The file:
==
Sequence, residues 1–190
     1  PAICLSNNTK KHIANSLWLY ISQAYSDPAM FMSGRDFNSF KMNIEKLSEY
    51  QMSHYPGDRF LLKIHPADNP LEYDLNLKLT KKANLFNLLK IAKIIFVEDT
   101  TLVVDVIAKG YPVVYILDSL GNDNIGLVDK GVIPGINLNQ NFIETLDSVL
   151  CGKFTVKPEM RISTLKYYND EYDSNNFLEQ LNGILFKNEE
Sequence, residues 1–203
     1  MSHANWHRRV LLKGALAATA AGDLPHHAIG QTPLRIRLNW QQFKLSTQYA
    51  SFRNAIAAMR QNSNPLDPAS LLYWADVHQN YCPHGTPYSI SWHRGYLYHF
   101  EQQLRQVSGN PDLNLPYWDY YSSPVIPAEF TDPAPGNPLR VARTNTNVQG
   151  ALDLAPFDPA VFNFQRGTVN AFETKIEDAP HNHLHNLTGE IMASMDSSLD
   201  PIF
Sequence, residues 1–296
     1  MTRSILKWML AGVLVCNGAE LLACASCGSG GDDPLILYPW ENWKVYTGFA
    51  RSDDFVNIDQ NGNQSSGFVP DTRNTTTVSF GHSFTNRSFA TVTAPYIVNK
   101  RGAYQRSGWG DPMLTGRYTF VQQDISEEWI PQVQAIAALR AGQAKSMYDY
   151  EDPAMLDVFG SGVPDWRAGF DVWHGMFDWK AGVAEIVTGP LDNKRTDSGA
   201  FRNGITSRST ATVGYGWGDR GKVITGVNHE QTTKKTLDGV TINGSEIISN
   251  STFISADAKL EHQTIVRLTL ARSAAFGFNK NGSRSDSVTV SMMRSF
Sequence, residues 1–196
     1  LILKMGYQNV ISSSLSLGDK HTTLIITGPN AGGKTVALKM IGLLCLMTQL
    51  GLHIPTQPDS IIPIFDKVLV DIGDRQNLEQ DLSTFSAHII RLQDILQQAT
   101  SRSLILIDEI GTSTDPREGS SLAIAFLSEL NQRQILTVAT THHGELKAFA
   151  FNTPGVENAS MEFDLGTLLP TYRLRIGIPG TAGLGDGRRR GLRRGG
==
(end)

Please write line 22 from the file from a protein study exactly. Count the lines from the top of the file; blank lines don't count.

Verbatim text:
   101  SRSLILIDEI GTSTDPREGS SLAIAFLSEL NQRQILTVAT THHGELKAFA